Logos with hidden meanings – too clever by far perhaps?

celebrations-logo-surprise
on Thu 12 Dec

 

It was a post on Facebook which alerted me to the fact that boxes of Celebrations chocolates has the word “Celebrations”  made up by way of the brand letters relating to the type of chocolates it contains!

 

Did you know that already? Am I the last one to find out?!

 

So - look at the image above - 

  • The C, r and s are in the red cursive font used for Mars bars
  • The white e is used in Maltesers
  • The brown l and a come from Galaxy
  • The second E and N come from Snickers bars
  • The blue B and o comes from Bounty
  • The red T comes from Twix
  • The white I from Milky Way

 

I do wonder if the logo doesn’t come under the “too clever by far category” as many people were so surprised at this revelation by an eagle eyed consumer that the Facebook post went viral!

 

Other logos with hidden symbols which may also be too clever by far

 

Did you know that the TOYOTO logo contains every letter of the car name?

 

or that the London Symphony Orchestra neatly combines its initials with the outline of a conductor holding a baton. So looking below from left to right you will see a baton, the head of the conductor and his other arm.

 

Had you realised that Federal Express has an arrow within it which once seen cannot be unseen but may just have been too subtle to convey the speed of delivery quality they wanted to capture in their logo…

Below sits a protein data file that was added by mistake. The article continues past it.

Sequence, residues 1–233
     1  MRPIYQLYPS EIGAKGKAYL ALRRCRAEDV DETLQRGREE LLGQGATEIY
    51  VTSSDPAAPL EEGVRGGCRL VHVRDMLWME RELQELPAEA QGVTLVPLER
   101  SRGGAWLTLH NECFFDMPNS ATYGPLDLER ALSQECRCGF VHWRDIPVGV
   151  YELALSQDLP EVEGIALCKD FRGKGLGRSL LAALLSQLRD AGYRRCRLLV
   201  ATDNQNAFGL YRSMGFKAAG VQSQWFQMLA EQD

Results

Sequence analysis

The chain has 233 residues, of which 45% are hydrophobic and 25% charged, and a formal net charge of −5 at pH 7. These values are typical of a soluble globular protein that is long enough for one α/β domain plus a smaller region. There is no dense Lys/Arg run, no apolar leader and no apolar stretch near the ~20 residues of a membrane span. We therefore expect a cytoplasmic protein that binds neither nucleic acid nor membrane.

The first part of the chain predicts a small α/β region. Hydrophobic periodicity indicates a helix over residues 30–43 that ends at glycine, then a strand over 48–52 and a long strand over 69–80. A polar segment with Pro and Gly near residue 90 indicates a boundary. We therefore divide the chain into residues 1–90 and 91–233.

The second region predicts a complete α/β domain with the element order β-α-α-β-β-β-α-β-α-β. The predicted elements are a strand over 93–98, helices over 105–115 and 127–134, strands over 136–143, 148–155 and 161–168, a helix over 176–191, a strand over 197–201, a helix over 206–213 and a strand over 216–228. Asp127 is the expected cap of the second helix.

Talking of right before eyes have you ever spotted the dancing bear on the side of the mountain in the Toblerone logo?

 

 

 

Or more bizarrely the dead lion surrounded by bees on Tate and Lyle’s tin of golden syrup?

 

 

I have known about the last one for some time as I have used it in my branding workshop for many years. According to the Guinness book of records this is officially recognised as Britain’s oldest brand. It has been virtually unchanged since 1885 and came about because Abram Lyle had strong religious beliefs,

 

The lion has  an old testament quotation  beneath it. This apparently comes from  the Book of Judges 14:14) when Samson was travelling to the land of the Philistines in search of a wife.  During his travels he killed a lion and on his return journey noticed that bees had formed a honeycomb within the carcass.  He captured this event in a riddle: "Out of the eater came forth meat and out of the strong came forth sweetness". 

 

Surely this is actually Britain’s oldest and strangest logo?”

 

It takes considerable skill to create a logo so it was particularly impressive when a Stockholm based graphic designer Daniel Carlmatz  challenged himself to come up with a logo a day for a year during 2017.   You might enjoy the best of his clever and creative output which can be found here 

 

Are there any other logos you have come across with hidden elements? I need you to keep me up to speed!

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